Agricultural Markets Climate Negotiations and Action Trade Policy at Work

Climate and Agriculture Negotiations: Towards more coherence between climate, agro-processing, trade and agriculture

This on-demand training programme builds technical capacities of relevant stakeholders on how to engage with discourses surrounding agriculture and climate negotiations, towards more climate-aware, trade-driven and food security-enhancing agro-industrial development in East Africa. Designed for officials from Environment, Agriculture and Trade Ministries, as well as farmers and agro-processors, the training facilitates better understanding on agriculture issues in climate and trade negotiations through detailed analysis of concepts, stakeholder engagement, current status, contestations and the preferred future positions for the EAC.

This training programme was developed to help government officials from Rwanda better understand agriculture-related issues in both climate and trade negotiations. It provides detailed analysis of concepts, stakeholder engagement, current status, contestations and preferred future positions of the East African Community (EAC). Delivery of the course facilitates active multi-stakeholder engagement, including representatives from Environment, Agriculture and Trade Ministries as well as interaction with farmers and agro-processors.

Training Objectives:

To increase the capacities of a critical mass of representatives of stakeholders (e.g., staff of relevant government ministries, private sector, farmers, CSOs, staff of regional organisations) in engaging the general discourse on agriculture and climate negotiations through the mastering of critical terms and procedures involved.

  • To develop analytical, as well as interpersonal skills required to build negotiation consensus on agriculture and climate change from the national, through the regional (EAC), Africa Union to the global level.
  • To increase the capacity of stakeholders to take advantage of ongoing agriculture, climate and trade negotiation processes, drawing from the WTO, UNFCCC, existing Intended Nationally Determined contributions [NDCs] and other global texts from both the historical and futuristic perspectives, including the upcoming COP23 in Bon, Germany and ongoing WTO negotiations.
  • To highlight and emphasise the fact that in negotiations, contesting policy domains/groupings get what they negotiate for, and that both the national and EAC interest remain the building blocks for the preferred agricultural position in climate negotiations that are informed by the twin pillars of adaptation and mitigation.
  • To continue building an understanding on the concept of policy entrepreneurship that embraces the art and science of negotiation – knowing when to push for a position, when to stop and when to push again and when to withdraw if need be etc.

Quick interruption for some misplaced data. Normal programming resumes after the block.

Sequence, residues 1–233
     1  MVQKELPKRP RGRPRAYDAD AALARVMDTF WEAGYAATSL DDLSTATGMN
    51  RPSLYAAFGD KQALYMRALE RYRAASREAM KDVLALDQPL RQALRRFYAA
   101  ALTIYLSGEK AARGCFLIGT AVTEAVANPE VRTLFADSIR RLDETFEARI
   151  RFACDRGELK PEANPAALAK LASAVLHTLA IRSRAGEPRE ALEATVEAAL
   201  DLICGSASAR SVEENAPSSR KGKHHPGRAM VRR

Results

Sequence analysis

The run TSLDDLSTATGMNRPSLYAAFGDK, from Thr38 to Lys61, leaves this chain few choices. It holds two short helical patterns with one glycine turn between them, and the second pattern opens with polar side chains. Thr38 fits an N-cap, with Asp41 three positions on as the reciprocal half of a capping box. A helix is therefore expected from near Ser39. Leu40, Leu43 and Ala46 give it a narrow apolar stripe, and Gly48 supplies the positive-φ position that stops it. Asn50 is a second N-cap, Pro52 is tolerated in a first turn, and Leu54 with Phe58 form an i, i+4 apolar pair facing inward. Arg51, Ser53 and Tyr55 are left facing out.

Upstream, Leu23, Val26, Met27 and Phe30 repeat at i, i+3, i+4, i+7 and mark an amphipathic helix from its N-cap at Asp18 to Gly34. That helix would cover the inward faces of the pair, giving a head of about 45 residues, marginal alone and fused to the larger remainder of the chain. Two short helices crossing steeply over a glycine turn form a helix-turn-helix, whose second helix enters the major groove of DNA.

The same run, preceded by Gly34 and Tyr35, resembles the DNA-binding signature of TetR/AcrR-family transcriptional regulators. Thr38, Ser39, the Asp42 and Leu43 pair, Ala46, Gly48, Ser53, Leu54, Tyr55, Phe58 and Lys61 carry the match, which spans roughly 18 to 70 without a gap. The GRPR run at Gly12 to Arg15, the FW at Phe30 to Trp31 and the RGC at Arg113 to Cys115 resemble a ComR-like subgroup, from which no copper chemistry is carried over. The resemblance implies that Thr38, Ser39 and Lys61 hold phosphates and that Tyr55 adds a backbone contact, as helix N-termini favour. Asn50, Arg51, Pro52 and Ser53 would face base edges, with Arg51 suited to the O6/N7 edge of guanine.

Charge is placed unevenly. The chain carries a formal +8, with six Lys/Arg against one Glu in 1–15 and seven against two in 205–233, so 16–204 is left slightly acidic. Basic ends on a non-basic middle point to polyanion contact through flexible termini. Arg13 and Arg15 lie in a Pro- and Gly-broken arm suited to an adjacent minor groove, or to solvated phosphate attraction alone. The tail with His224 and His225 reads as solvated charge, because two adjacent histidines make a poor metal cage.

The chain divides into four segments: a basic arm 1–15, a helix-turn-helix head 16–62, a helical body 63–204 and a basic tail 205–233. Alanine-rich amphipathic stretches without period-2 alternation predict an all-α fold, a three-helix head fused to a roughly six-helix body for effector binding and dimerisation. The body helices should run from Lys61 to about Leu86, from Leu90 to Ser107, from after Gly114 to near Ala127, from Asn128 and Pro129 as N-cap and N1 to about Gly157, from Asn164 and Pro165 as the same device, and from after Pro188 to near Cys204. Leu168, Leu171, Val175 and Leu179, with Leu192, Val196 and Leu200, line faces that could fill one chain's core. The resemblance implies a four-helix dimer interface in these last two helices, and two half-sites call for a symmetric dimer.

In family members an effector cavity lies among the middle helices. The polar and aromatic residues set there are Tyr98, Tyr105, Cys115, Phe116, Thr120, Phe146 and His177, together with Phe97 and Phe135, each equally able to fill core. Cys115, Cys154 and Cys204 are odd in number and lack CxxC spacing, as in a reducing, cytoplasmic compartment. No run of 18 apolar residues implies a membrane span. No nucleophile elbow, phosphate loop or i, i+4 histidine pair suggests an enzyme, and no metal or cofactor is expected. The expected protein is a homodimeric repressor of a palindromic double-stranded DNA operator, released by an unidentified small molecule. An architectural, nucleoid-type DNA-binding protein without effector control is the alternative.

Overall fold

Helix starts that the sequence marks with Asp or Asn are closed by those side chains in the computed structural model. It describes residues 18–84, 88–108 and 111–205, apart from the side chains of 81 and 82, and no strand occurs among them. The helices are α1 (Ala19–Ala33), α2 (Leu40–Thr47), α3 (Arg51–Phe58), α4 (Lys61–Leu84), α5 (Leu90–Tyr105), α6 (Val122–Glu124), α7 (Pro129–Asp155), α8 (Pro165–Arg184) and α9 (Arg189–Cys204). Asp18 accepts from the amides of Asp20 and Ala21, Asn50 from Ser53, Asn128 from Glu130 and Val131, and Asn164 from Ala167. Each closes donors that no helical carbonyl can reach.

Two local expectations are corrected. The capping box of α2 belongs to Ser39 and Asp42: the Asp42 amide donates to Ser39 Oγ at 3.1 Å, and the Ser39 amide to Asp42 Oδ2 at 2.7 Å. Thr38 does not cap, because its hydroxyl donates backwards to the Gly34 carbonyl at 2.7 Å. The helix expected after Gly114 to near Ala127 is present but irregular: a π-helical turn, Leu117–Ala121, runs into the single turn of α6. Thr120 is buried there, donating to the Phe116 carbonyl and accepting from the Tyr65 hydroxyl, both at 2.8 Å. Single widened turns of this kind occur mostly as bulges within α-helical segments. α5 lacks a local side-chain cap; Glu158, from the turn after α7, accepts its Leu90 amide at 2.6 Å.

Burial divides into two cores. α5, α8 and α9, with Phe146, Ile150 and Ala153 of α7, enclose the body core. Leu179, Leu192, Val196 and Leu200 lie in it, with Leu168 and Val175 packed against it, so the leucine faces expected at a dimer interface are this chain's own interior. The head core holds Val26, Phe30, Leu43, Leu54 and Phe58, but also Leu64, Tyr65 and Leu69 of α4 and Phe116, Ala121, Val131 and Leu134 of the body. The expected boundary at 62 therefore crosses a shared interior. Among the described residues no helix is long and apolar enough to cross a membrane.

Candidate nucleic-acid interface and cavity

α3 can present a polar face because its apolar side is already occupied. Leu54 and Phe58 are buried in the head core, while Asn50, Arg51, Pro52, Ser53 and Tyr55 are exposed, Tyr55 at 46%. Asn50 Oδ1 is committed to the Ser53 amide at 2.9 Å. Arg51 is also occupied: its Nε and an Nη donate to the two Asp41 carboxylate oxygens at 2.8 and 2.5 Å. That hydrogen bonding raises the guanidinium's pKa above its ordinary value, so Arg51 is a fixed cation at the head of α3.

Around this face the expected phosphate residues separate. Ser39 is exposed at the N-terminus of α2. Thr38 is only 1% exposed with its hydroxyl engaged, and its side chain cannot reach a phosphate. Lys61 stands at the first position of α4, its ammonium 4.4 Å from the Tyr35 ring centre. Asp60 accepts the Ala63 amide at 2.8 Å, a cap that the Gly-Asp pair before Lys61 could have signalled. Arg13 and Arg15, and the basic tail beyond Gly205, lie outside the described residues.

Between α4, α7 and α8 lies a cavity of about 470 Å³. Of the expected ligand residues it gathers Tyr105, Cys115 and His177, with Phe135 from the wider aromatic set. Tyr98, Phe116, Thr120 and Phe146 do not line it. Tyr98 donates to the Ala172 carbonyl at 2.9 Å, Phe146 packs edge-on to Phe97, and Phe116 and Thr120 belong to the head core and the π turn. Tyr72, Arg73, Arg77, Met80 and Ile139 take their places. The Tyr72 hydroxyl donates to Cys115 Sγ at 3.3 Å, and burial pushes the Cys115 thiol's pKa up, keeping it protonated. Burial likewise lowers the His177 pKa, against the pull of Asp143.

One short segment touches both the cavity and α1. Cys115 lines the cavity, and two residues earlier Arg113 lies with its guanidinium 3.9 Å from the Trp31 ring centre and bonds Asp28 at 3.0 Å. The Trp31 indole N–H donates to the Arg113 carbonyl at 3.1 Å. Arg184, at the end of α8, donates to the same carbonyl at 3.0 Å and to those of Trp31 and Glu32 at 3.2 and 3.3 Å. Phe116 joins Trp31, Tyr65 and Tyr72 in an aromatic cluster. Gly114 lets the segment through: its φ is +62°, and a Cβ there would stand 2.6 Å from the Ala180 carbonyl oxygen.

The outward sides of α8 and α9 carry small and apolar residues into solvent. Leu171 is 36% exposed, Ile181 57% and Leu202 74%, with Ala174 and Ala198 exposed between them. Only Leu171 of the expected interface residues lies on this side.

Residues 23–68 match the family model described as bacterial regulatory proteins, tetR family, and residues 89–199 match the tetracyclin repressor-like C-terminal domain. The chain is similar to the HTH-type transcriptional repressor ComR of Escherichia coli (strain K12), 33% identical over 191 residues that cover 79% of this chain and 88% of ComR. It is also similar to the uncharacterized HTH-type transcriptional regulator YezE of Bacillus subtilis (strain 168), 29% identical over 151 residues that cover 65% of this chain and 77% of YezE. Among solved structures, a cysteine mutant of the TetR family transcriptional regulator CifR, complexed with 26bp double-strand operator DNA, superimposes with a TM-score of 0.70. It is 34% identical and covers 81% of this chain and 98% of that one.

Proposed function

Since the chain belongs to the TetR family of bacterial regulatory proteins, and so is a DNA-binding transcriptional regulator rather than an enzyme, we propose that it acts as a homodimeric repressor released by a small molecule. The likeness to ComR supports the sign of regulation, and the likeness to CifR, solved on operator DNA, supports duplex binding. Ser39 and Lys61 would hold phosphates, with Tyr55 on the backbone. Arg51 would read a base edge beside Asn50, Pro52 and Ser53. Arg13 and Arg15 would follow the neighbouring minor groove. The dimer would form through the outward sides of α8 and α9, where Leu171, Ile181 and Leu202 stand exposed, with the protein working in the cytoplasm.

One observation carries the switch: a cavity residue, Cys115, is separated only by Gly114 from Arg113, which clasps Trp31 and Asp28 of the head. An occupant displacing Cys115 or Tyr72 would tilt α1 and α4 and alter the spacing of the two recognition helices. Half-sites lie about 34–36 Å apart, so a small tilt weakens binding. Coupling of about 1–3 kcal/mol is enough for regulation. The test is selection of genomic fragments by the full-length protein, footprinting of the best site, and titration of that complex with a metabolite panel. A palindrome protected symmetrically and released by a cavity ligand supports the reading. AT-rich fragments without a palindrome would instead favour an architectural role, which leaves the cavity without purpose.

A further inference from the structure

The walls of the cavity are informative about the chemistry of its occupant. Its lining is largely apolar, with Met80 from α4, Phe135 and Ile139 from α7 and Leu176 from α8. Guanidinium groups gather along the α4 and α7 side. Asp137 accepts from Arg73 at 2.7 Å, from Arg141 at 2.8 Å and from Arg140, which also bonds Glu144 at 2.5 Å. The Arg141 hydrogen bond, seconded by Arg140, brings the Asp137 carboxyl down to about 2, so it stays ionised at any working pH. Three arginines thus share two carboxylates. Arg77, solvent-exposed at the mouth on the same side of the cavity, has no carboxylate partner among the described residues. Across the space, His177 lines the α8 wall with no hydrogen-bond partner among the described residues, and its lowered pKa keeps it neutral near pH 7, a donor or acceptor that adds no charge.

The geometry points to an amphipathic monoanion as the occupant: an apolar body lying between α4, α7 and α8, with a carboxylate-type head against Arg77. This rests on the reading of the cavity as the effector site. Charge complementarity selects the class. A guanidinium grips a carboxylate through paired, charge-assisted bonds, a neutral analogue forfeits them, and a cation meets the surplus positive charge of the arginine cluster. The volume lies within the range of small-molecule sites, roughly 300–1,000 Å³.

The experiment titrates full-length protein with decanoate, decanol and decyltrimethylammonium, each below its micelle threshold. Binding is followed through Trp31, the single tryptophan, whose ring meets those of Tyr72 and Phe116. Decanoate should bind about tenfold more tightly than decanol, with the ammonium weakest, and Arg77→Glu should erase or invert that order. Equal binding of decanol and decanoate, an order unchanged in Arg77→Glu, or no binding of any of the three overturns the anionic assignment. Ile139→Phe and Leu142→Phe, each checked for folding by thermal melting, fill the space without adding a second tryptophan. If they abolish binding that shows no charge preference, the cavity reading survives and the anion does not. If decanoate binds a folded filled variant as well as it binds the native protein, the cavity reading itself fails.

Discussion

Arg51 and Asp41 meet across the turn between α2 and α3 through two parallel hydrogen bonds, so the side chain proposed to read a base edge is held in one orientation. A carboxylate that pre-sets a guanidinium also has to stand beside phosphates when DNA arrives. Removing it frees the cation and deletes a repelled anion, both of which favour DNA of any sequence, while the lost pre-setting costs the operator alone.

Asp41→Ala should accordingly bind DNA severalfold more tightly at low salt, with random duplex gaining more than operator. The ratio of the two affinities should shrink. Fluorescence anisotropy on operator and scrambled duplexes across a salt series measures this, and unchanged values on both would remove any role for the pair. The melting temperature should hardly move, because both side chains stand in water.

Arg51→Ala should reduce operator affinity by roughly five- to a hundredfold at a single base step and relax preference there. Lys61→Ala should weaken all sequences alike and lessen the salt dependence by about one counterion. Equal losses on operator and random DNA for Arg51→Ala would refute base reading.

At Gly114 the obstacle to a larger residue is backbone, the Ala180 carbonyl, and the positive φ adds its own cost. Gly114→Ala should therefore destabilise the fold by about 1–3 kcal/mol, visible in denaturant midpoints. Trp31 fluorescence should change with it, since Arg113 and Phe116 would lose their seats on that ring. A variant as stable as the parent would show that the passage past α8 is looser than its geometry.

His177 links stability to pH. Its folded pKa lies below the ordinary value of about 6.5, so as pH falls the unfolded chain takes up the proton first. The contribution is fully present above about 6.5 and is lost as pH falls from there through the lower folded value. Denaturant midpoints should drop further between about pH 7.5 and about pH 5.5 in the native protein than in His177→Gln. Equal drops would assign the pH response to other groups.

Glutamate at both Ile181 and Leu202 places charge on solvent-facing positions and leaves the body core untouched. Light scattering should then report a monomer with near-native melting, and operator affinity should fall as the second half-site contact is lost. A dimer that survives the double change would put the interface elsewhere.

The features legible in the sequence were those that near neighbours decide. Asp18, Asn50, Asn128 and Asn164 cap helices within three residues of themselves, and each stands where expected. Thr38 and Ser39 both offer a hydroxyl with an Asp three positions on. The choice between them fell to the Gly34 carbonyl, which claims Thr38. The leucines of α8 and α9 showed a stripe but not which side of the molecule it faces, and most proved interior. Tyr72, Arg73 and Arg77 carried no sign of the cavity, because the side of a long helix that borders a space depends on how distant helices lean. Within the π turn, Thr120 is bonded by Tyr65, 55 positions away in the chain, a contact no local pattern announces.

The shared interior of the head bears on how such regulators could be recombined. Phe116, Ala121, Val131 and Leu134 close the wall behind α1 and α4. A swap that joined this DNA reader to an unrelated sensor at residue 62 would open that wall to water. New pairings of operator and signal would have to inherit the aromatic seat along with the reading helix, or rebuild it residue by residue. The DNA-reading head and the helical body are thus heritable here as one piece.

Module 1: Issues analysis and concepts
This module introduces participants to concepts and definitions of agriculture (including agro-industrial development) climate change, food security and trade. The goal is to enhance understanding of participants on how agriculture (including agro-industrial development) can be more climate-aware, trade-driven and food security-enhancing in the EAC region.

Module 2: Features of Selected International Institutions
The module allows stakeholders attending the workshop to familiarize themselves with international institutions and their key areas of work related mainly to agriculture (including agro-industry) and climate negotiations. Specifically, the module has the objective to increase the knowledge and understanding of some key relevant international institutions and/or bodies responsible of policymaking and/or policy implementation mechanisms in the area of agriculture (including agro-industrial development) and climate negotiations.

Module 3: Agriculture and climate change: Focus on the UNFCCC and WTO negotiations
This module grows the participants’ confidence into addressing agriculture (including agro-industrial development) in climate negotiations, and vice versa. The purpose is to continue developing negotiation capacity in EAC teams that will result in favourable decisions on agriculture from the UNFCCC and other global negotiation platforms like the WTO.

Module 4: Simulation exercise: Drawing up future negotiation positions
The emphasis of this module is to encourage holistic, substantive, collective and pragmatic thinking by the participants that enables them to sharpen skills to interact with institutions at the national, regional and global level platforms dealing with agriculture, agro-processing and climate change matters and negotiations.